AI War Devs In Financial Difficulty, Layoffs Imminent

Arcen Games, developers of AI War and most recently Starward Rogue, are going to let go almost all their staff this coming Monday. Company founder Chris Park explained in a post on Arcen’s site that that sales of their latest game had been much lower than expected and that sales of their back catalogue had dried up, perhaps as a result of changes to Steam over the past year.

The problems began when the company’s 4X game, Stars Beyond Reach, took longer to develop than intended. The team switched instead to a project they could finish more quickly, Starward Rogue, which was released on January 22nd. Because of the delays, the game needed sell well in order to recoup costs and repay loans. That hasn’t happened – and to make matters worse, sales of Arcen’s other games began to slow last summer. The post explains:

“…all this time spent in extra development more than doubled the cost of making [Stars Beyond Reach], and in the meantime our steady stream of income from our 2014-and-before titles started to dry up. The Steam store changed a lot, and periodic discount sales — as well as the larger store-wide sales — were no longer the huge windfalls they once had been. Our non-discount-period sales were up because of the new changes, so that was good. But the promotional income was gutted, and that was our main source of income. So we started bleeding money.


“What happened, instead, was our back catalog except for AI War and TLF all pretty much stopped earning any money around mid-2015 when some of the Steam store changes happened. And our ability to gain substantial income from periodic promotions disappeared, so we stopped having “on months and off months” and pretty much just shifted to “off months.””

It sounds as if the Steam store changes provided an increase to day-to-day sales – “non-discount-period sales” – but that the revenue was still tiny, and therefore not enough to counter the far larger decrease in money made from sales. This put extra pressure on the release of Starward Rogue, but the post later explains:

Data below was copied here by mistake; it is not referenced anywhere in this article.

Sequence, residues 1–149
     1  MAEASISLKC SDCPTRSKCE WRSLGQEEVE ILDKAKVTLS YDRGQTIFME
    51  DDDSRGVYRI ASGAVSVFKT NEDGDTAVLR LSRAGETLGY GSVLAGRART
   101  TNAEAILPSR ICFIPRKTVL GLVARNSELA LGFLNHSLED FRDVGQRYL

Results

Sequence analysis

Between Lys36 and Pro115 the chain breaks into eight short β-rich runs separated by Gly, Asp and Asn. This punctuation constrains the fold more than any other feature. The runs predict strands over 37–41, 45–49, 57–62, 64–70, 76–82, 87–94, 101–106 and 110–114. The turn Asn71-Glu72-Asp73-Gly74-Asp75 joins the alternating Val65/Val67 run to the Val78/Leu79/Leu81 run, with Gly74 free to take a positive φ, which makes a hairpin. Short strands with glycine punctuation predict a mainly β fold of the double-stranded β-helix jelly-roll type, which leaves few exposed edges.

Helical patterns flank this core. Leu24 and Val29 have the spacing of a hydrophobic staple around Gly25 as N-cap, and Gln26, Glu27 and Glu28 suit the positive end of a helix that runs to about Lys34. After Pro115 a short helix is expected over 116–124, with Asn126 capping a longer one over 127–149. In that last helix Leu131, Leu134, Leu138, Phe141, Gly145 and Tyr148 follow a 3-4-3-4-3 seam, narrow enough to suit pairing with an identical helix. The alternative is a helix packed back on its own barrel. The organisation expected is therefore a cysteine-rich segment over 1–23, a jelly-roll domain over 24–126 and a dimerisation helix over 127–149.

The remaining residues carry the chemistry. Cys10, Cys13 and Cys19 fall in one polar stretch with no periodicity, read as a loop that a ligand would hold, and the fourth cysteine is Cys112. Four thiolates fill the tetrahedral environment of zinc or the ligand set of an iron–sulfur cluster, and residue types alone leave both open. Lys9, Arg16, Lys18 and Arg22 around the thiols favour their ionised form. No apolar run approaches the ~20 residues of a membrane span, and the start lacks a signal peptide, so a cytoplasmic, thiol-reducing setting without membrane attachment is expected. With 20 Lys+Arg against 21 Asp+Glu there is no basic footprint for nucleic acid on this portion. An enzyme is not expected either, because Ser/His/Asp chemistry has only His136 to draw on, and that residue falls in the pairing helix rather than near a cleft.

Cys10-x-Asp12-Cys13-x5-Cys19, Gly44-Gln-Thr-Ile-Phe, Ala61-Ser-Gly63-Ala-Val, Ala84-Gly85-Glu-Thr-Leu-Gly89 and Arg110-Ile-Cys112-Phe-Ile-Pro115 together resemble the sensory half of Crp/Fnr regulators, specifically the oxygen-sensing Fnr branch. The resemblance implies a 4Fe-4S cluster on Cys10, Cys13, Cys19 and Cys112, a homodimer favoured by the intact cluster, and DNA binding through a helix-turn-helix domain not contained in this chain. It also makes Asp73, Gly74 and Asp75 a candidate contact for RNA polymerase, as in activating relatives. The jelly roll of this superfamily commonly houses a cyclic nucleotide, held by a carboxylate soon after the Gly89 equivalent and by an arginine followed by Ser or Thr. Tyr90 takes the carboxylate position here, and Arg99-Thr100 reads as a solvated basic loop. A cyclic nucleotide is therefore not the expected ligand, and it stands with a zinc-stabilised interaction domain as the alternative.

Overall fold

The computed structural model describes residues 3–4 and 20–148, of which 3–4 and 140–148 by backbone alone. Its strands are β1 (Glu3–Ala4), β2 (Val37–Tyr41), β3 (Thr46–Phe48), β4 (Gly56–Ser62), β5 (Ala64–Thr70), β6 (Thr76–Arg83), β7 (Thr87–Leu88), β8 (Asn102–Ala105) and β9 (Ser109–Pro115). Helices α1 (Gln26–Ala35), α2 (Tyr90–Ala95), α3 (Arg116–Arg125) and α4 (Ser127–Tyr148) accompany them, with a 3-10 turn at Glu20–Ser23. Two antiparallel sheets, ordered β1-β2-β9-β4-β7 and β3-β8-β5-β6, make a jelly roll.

“…unfortunately, Starward Rogue has seen financially the worst launch for us except for Tidalis and Shattered Haven. Those two did worse (much worse), but we were not as large at that point. […] Anyway, Starward: we have mostly hung out in the 200s instead of in the teens, and mostly in the 250s at that, top-seller-chart-wise. We peaked, briefly, at #98. That lasted under 3 hours. Our clickthrough rate on our marketing run was over double the store-wide average, but it still ended early compared to what happened with TLF. I’m not sure why that was, but we were still getting other kinds of featuring, so there were some solid hits coming in.”

If this sounds familiar, it’s because Arcen had similar problems back in 2010. At the time, a slump in sales of AI War and the negative response to Tidalis put the company on the verge of bankruptcy. They made that public, their fans rallied around them, and the extra word of mouth and donations helped them pull out of the tailspin and keep making games. This new post is made in part with the hope that the same will happen again, although this time there’s not a risk of the company disappearing completely.

While changes to Steam might be partly the cause, Park is clear that the tough financial situation has happened as a result of decisions he made and accepts responsibility for the mistakes. He’s also clear about their future plans, which involve post-release support for Starward Rogue, finishing and releasing Stars Beyond Reach before the summer, and starting work on a new project he can complete on his own.

Arcen make interesting games which forge ahead into new design territory, but which are often flawed and broken and almost always ugly. I haven’t played Starward Rogue, but I’d be sad if they were no longer around. Adam summed it up when he wrote about curious god game Skyward Collapse a few months back:

“I love Skyward Collapse because, like so many Arcen games, it runs with an idea and doesn’t stop until it finds the extremes of that idea. It has flaws, namely a slow and sometimes repetitive early game, but there’s nothing else quite like it.”


  1. trjp says:

    Arcen are an interesting developer – they churn-out material at quite a rate but it tends to be very ‘niche’